Champagne, also known as bubbly, champers, fizz, and sparkling wine, is an effervescent wine originating in France’s ancient Champagne region, approximately 160 kilometers or 100 miles northeast of Paris. Although Champagne is not new to the party scene — monks have made it since the 17th century — it is today’s most popular party drink. And as a fun fact, the famous Dom Pérignon Champagne from Moët & Chandon was named after a Benedictine monk who was instrumental in improving production methods and quality control of this most famous beverage.
So if you’re welcoming your charter guests on board, just passed a challenging exam, or are welcoming in the New Year, you will more often than not have a glass of Champagne in your hand. Moreover, I would also go so far as to say that Champagne is France’s answer to influencing human gaiety — a social elixir and icebreaker of sorts, it gets people mixing in the happiest way possible.
All Champagne is sparkling wine, but not all sparkling wine is Champagne — sparkling wines such as prosecco, Lambrusco, Cava, and Sekt are similar to Champagne but are made by using significantly different methods. So for this article, we will go old school and examine the traditional methods behind the making of the celebrated Champagne.
Making this delectable happy drink is quite an intricate process— the méthode champenoise is exclusive to the Champagne region of France. And in 2015, the United Nations Educational, Scientific, and Cultural Organization (UNESCO) appreciated the Champagne region’s traditional wine-making skills and awarded several locations with the prestigious heritage site title.
Like all wine-making, Champagne begins with harvesting the grapes by hand once the optimal ripeness and balance between acidity and sugar levels have been reached. In Champagne, all producers must harvest by hand to not bruise or destroy the grape in the harvesting process.
The grapes used to make Champagne are usually Chardonnay, Pinot Noir, and Pinot Meunier grapes. The Chardonnay grape results in a finely balanced Blanc Champagne. And the Pinot grapes add layers to the fruitiness and acidity levels. Blending the characteristics of the three grapes is quite a skill and results in a finely bubbled, elegant Champagne, but the complex process is a detail that many Champagne makers find hard to reveal.
“Champagne is one of the elegant extras in life.” – Charles Dickens
After the grapes have been sorted by hand, they go into a basket-shaped pneumatic press. This process presses the juice from the grapes instead of crushing the grapes, allowing the producers to extract the juice from the black and white grapes while adhering to the strict quantity allowance controlled by Champagne appellation laws.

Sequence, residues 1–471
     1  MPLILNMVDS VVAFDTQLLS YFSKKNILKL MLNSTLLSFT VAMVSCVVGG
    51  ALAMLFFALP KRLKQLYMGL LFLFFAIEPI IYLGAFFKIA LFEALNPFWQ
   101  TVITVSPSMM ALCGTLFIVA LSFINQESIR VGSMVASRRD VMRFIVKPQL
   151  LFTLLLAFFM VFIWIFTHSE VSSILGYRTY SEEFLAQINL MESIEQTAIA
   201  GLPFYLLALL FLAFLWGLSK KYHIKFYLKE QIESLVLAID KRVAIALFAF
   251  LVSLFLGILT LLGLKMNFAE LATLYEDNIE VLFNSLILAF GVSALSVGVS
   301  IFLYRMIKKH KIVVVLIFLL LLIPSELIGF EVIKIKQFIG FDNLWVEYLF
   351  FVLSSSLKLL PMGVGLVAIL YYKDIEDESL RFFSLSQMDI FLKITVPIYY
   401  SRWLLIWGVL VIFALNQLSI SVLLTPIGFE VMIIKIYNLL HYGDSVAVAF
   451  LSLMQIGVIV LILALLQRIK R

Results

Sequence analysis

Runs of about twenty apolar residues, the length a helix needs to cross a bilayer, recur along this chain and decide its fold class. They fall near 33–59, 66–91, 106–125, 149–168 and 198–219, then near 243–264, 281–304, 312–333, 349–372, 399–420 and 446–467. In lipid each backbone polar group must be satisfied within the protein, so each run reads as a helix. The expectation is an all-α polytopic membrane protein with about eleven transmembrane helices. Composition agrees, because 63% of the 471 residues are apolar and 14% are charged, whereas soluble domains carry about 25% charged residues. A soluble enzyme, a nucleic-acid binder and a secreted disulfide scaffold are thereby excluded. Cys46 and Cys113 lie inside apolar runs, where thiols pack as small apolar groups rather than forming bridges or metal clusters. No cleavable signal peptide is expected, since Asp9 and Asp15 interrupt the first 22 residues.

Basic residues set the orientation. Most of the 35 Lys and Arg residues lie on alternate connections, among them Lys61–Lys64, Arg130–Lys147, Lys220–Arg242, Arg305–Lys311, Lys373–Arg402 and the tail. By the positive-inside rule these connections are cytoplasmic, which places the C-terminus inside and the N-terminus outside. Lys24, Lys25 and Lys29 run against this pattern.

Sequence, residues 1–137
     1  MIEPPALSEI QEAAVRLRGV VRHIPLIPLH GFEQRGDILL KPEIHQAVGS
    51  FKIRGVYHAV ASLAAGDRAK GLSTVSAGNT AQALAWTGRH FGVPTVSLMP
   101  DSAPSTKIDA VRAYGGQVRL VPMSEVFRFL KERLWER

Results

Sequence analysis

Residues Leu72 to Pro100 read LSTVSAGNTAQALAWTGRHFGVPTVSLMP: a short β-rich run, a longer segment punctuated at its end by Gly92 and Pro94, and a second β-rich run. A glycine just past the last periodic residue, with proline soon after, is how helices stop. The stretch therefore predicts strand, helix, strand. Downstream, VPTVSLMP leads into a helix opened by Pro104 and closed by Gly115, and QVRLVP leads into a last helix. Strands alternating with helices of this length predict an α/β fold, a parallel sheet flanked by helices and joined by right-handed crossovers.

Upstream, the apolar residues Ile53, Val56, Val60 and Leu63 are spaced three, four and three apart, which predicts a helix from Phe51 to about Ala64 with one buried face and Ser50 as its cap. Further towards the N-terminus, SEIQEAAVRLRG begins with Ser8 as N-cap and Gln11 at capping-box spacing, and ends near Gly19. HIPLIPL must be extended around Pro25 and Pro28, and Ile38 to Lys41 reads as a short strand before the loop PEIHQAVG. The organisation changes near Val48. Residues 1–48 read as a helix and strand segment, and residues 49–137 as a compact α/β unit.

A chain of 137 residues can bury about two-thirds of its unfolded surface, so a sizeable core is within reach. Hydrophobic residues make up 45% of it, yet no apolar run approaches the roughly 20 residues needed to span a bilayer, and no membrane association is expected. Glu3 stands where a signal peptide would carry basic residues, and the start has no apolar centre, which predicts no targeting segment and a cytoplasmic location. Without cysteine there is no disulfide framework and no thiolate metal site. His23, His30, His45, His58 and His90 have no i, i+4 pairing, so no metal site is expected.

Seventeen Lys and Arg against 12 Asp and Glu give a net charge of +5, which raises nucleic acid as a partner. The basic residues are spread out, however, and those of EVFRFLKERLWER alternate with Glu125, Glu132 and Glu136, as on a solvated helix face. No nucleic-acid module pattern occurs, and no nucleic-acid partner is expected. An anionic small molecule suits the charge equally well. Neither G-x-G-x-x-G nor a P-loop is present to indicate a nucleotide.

From there, the juice is placed into large vats where the best portion is separated. This vin de cuvée is reserved for the premium Champagne range. Once in the vats, the sediment will settle and be removed before the first fermentation, or triage, which occurs like any other white wine. This process will happen naturally with the help of a little yeast and sugar. From there, the wine is blended and bottled.
Unlike other sparkling wine where the second fermentation process occurs in the tank (via the more affordable tank method), Champagne adopts the traditional method, whereby the second fermentation process happens in the bottles, which is far more labor-intensive. This creates alcohol and carbon dioxide in the wine. Once the bottles are capped, the carbon dioxide has nowhere to go and is absorbed into the wine, causing it to go fizzy.
Next is the aging process. For example, Champagne requires a minimum of 15 months of aging before it can be sold on the open market and 36 months for vintage Champagne.
But what Champage should you purchase? This is, of course, a nonsensical question as it’s impossible to answer as taste is subjective. But as a superyacht steward/ess, in addition to the pre-selected charter guest supplies, you must have a decent Champagne on board for those just-in-case moments, so I recommend having ample amounts of the following: Veuve Clicquot Brut Yellow Label, which is very affordable, always popular with the charter guests, and easy to drink; Taittinger Brut Champagne, which has a higher quantity of chardonnay and pairs nicely with oysters; and Cristal Brut Champagne, should the boss want to treat their guests.
Champagne, like other wines, has an optimal temperature for storing and serving. As discussed last month, wine doesn’t like to be moved about, does not like direct sunlight, and likes to be served at an optimal temperature. So, as a steward/ess, you may have control over the lighting element, but you can forget about storing it in a calm, still place unless you’re on the hard for a refit project.
The best advice I can offer is to store it as best you can out of direct sunlight and in a dark place, like a cupboard or under the beds. Keeping the Champagne in the fridge is not the best idea, as this can destroy the flavor, so always chill the Champagne directly before serving — for approximately three hours in the refrigerator or 30 minutes in an ice bucket to the ideal temperature of 50°F to 53.6°F or 10°C to 12°C. That way, you will not mask the flavors and aromas with an over-chilled Champagne. The next step is to simply serve your guests.
This article was originally published in the June 2023 issue of Dockwalk.